Proposal for a regulation of the Farm Sustainability Data Network
We are collecting comments on the proposed regulation for the conversion of the Farm Accountancy Data Network into a Farm Sustainability Data Network as of the new Council Regulation (EC) No 1217/2009.
The aim of the act is to streamline and expand data collected from farms to include social and environmental factors, as opposed to the primary economic focus of the FADN. This is stated to have benefits for statistical evaluation, relating to the following:
- CAP’s Integrated Administration and Control System (IACS) (meant to provide data-based control systems for CAP schemes),
- Integrated Farm Statistics (IFS) (provide comparable data on the agricultural holdings of the EU),
- CAP monitoring and evaluation framework (CMEF),
- simplification of the FADN data collection (not to lose the already existing database, ensure continuation),
- parallel data collection should be reduced and the total administrational burdens of farms must be aimed,
- remote sensing data collection should be taken place, especially by the European Space program (e.g. use of satellites, sensors measuring) and linking them with other available administrative data- collecting data remotely,
- distinguish between annual and periodical (every few years) data collection, as some variables may not need to be collected every year,
- reduce/limit financial costs of the data collection - administrative burden and costs related to their data collection (member states decision), and
- financial support to the Member States and farmers' potential future decisions.
The AGROMIX partnership welcomes some of the efforts of the new regulation, such as:
- minimising overlap in data collection
- embedding other EU-level data collection to FSDN and vice versa (IACS, IFS, CMEF)
- continuing data collection started in FADN, avoiding loss of long-term datasets
- a well-designed and explained process of formalising the new regulation
We, therefore, highlight the urgent need for the implementation of the regulation. Nonetheless, we also identified the following as shortcomings of the regulation:
- Data collection should be financed/subsidised at the EU level (not by the Member States), to ensure the actual implementation of the regulation.
- Regulation should also contain guarantees at the EU level to avoid differences in implementation (data collection) in each Member State.
- It is not well defined how the regulation will serve/match F2F and the Carbon Farming Initiative.
For the further improvement of the regulation the Partnership suggests the following basic recommendations (using FLINT indicators for the elaboration of the regulation in detail and see beyond):
- Clarify how gaps in socio-environmental data will be filled, how data will be transferred into respective collection systems, and solve GDPR issues. At present:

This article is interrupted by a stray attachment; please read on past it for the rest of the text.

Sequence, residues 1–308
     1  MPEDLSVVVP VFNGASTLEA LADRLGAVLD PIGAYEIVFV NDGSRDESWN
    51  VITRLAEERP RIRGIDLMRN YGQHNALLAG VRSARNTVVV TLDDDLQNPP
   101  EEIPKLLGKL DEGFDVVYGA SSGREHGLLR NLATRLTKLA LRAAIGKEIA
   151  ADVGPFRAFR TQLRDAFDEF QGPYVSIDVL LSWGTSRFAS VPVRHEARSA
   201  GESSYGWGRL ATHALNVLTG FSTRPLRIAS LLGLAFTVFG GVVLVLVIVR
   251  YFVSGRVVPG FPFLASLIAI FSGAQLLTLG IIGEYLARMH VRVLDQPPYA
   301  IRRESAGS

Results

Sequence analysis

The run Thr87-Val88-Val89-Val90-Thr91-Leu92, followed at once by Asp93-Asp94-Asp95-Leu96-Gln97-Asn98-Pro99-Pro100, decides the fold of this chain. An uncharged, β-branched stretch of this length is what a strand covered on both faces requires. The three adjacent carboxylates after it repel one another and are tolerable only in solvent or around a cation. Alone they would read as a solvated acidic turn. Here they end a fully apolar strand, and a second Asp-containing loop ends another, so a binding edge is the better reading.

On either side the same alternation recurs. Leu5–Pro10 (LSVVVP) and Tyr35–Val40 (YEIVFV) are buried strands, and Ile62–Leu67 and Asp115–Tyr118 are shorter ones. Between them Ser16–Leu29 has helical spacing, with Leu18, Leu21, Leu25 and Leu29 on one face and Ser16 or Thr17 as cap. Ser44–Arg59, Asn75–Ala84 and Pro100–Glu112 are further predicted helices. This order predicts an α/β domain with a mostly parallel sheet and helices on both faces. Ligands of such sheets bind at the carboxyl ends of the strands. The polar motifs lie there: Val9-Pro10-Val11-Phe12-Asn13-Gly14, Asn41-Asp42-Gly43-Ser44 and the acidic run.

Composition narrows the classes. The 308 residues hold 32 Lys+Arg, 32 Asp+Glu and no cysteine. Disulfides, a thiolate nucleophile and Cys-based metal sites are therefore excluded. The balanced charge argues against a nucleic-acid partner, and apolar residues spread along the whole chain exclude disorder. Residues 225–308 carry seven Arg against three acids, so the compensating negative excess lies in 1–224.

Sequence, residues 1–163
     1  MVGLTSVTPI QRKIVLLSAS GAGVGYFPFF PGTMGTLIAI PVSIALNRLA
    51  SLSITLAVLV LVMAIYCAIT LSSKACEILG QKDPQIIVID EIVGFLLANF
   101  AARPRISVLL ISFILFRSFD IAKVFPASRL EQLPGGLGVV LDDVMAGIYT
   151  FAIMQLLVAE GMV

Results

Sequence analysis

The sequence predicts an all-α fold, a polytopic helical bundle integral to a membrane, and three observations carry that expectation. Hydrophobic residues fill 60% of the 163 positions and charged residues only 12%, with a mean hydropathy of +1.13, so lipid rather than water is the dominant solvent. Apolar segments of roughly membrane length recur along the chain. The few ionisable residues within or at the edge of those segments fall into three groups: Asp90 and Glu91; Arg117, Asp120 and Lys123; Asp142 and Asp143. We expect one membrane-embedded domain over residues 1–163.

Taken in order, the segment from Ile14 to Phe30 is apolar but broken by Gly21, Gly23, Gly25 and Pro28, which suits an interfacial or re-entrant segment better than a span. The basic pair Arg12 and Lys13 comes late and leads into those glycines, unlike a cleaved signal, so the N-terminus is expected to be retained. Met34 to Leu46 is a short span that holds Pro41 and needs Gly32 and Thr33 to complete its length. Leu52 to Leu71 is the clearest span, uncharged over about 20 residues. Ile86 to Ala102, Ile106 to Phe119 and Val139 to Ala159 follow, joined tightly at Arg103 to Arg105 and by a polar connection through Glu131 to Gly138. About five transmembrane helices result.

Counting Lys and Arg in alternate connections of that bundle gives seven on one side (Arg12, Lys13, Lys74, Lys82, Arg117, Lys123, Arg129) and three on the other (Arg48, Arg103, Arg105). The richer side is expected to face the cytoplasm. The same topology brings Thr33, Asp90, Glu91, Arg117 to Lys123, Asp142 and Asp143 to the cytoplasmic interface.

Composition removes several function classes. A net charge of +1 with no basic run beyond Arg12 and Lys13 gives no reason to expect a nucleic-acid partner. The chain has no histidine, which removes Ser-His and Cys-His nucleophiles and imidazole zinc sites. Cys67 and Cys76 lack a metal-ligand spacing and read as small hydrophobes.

- Social objectives are not clear
- Labour conditions are not easy to provide
- Identified flows of products/more information on economic inputs/outputs are needed based on the farm scale
- Pesticide, herbicide, and nutrition used to be registered
Involve several already existing datasets, promoting their integration alongside national spatial data:
- The national census, FSS
- Parcel level registry systems
- Soil database
- Share all data on the IACS (Integrated Administration Control System) (solve the GDPR issues) and don’t keep information back!
- Avoid overlapping data collection as stated in the regulation, not as in FLINT indicators, and avoid multiple uses of the same data in different aggregated indicators to avoid multiplied errors.
- Avoid generic indicators, instead, use already existing datasets for these cases, and concentrate on specific indicators, even if follow-up studies are needed at the individual farm level
- Data collection might be needed beyond the actual farm to provide a broader context eg. of ecological connectivity, biodiversity status, target species status of the actual environment
- Habitat heterogeneity might be more important than the extent of semi-natural land cover when it comes to increasing general biodiversity. Therefore, the spatial arrangement of different land cover/habitats within the farm and between farms might be a very relevant factor, and probably relatively easy to estimate from remotely sensed data.
AGROMIX's specific recommendations:
Provide information on mixed system combinations, by a more detailed classification
There isn’t any data in FADN about agroforestry, so solving the remote sensing difficulty is crucial.
The proposal can be found here and is in its second feedback period regarding its adoption into the EU legislature.
If you wish to provide input/participate in the debate on the topic contact Dr Gabriella Nagy.